Newsletter - June 2021
NEW! Micro Bitcoin Futures - Trading Now
The Global Update Blog
Why Should I Trade Micro Bitcoin Futures If I Can Just Buy Fractional Bitcoin Shares?
You’re probably wondering why some traders opt for the new micro bitcoin futures while others just purchase bitcoin through an e-payment app. Isn’t it better...

The Downside of Social Trading Chatrooms
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Using the Guppy Multiple Moving Averages as a Proxy for Trader and Investor Sentiment
Wouldn’t it be great to know what the majority of short-term traders and longer-term investors are thinking about a given market or asset? Using a set of moving averages...

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Key Events That Moved the Market in May 2021
The following is a review of US and world events from the last month. Please be advised that this content is based upon the opinions and research of GFF Brokers and its staff and should not be treated as trade recommendations.

S&P 500 - Daily Chart - May 3 to 28, 2021 (Source: Tradingview)

Monday - May 3
  • The broader market advanced today with the S&P and the Dow closing just below a new high.
  • Many retail stocks are reaching new highs, yet stay-at-home companies are also benefiting as consumers continue to purchase goods for home improvement and home office functions.
  • Business appears to be moving steadily along as the PMI jumped to 60.5 just as economists had expected.
  • But in contrast, the ISM Manufacturing Index didn’t provide as optimistic an outlook, coming in at 60.7, well below analysts consensus of 65.0; the market declined upon hearing this data.
  • March construction spending slowed month over month to 0.2%, a tenth of the 2.0% that economists were looking for.

Tuesday - May 4
  • Stocks went for a rocky ride today--the Dow sunk 347 points but ended the day barely in the green; the real underperformer was the Nasdaq, down 2% as big tech had a tough day.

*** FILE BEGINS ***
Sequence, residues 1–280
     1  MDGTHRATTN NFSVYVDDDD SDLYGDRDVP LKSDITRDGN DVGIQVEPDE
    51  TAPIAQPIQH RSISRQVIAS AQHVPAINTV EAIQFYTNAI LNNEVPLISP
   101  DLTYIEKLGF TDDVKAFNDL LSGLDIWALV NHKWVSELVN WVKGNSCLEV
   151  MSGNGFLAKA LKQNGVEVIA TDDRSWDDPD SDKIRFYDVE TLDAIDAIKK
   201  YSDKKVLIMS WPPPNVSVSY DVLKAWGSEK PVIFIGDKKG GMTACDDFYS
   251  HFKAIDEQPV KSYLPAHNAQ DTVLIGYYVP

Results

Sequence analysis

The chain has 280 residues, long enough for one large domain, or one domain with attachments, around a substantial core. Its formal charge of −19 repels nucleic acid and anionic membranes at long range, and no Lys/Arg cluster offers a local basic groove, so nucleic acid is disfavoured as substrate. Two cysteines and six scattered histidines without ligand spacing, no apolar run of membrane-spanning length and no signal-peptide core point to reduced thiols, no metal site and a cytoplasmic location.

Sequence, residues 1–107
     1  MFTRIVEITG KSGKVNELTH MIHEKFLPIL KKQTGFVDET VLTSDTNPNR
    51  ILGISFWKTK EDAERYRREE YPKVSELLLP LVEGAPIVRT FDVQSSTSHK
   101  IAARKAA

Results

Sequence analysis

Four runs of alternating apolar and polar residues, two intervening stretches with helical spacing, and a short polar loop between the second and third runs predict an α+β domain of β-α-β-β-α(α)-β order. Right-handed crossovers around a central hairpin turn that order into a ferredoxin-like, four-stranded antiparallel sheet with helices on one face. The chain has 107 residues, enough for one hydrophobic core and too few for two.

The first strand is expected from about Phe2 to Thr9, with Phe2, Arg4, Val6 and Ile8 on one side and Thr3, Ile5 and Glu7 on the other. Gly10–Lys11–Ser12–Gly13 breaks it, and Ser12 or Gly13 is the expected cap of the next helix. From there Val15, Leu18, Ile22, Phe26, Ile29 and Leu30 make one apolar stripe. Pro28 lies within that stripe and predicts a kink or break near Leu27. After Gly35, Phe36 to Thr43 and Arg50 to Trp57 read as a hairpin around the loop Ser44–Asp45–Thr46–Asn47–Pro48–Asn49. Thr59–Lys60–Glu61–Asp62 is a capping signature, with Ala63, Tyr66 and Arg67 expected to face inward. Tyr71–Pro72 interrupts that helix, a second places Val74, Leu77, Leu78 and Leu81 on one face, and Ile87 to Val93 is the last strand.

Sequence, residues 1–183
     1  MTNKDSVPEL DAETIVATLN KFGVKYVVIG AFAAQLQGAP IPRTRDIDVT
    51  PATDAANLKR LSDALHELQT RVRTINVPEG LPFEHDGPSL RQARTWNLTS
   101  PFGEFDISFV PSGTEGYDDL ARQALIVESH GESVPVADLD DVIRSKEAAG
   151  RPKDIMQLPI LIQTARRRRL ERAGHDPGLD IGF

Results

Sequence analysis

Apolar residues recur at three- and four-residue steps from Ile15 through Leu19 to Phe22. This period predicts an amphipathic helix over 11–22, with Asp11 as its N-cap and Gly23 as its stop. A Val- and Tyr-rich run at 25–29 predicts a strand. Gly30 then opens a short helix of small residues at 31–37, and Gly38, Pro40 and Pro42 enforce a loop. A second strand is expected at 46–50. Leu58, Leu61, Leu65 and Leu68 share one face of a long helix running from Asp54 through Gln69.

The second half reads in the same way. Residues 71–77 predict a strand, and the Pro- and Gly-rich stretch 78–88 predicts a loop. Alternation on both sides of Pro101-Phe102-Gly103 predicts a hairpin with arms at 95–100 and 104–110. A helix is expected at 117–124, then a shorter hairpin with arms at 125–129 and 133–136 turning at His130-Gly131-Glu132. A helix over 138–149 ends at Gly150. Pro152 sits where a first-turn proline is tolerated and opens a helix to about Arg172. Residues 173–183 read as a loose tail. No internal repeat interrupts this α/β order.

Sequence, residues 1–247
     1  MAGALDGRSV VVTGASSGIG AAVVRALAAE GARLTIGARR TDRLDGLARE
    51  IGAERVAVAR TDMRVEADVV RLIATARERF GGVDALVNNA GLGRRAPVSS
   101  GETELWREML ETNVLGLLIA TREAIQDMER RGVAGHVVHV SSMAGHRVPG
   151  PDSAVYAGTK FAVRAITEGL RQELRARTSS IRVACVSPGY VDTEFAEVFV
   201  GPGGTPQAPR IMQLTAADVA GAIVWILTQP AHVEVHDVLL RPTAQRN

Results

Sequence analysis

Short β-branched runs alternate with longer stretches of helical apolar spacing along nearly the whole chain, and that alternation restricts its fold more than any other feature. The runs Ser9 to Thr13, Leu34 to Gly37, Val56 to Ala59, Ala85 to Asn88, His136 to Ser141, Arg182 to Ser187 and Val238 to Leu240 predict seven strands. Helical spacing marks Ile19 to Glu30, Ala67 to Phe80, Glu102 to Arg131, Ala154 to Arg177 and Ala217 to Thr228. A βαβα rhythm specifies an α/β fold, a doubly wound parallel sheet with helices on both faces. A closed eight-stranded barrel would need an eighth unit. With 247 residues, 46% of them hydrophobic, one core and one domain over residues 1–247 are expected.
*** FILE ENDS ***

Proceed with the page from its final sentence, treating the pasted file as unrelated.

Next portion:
• Investors were a bit spooked when former Fed chair and current Treasury Secretary Janet Yellen said that interest rates may have to be raised modestly to prevent the economy from overheating.
  • Despite inflation fears, the yield on the 10-year Treasury actually dropped below 1.6%.
  • The idea of “peak valuation” in the market, however, remains a concern.
  • April’s vehicle sales roared stronger than expected at 18.5 million, 1M more than what was expected and despite shortages and higher prices (among both new and used cars).
  • International trade in March saw our trade deficit sink further to the tune of $-74.4 billion; analysts were expecting only -$74 billion.
  • Factory orders in March rose 1.1% month over month, not as hot as the 1.3% economists were looking for but certainly better than last month’s revised figure of -0.5%.
Wednesday - May 5
  • It was a mixed day on Wall Street as the Dow and S&P 500 finished the day higher while the Nasdaq closed lower.
  • The key story, however, is that tech mega-caps have more or less stabilized amid fears that tech may be resetting itself lower.
  • The April ADP Employment report saw a strong rise to 742,000 jobs from the previous month’s 565,000. Still under the 785,000 consensus. The country is still short 9.71 million jobs, so there’s lots of ground still to be covered.
  • The April ISM services index came in at 62.7, below 64.2 consensus.
Thursday - May 6
  • The broader market saw another rally into the close with the Dow managing to deliver another record high; the Nasdaq however continued to lag behind for most of the day until the close, where it snapped a four-day losing streak.
  • The big news here is that for the first time since the pandemic, new jobless claims came in less than 500k. Last week saw only 498,000 new claims which topped analyst expectations of 533,000. 
  • Non-farm productivity in Q1 saw an increase to 5.4% topping expectations of 3.7% and a decrease in costs by -0.3% slightly under the expected -0.6%.
Friday - May 7
  • The stock market is rising to record levels despite the disappointing April jobs report.
  • The weak number may be fueling the notion that easy monetary policies powering the market’s historic rebound will stay in place for longer.
  • April nonfarm payrolls increased by just 266,000, far less than the 1 million total economists were expecting.
  • The unemployment rate rose to 6.1% last month amid an escalating shortage of available workers, higher than an expectation of 5.8%. 
  • March’s originally estimated total of 916,000 was revised down to 770,000.
  • Investors are betting on the likelihood that the big jobs miss could keep the easy policies of the Federal Reserve in place, including record low interest rates and a massive bond-buying program. 

Monday - May 10
  • The stock market might have lost steam in the final hours of trading but not until the Dow reached another record intraday high.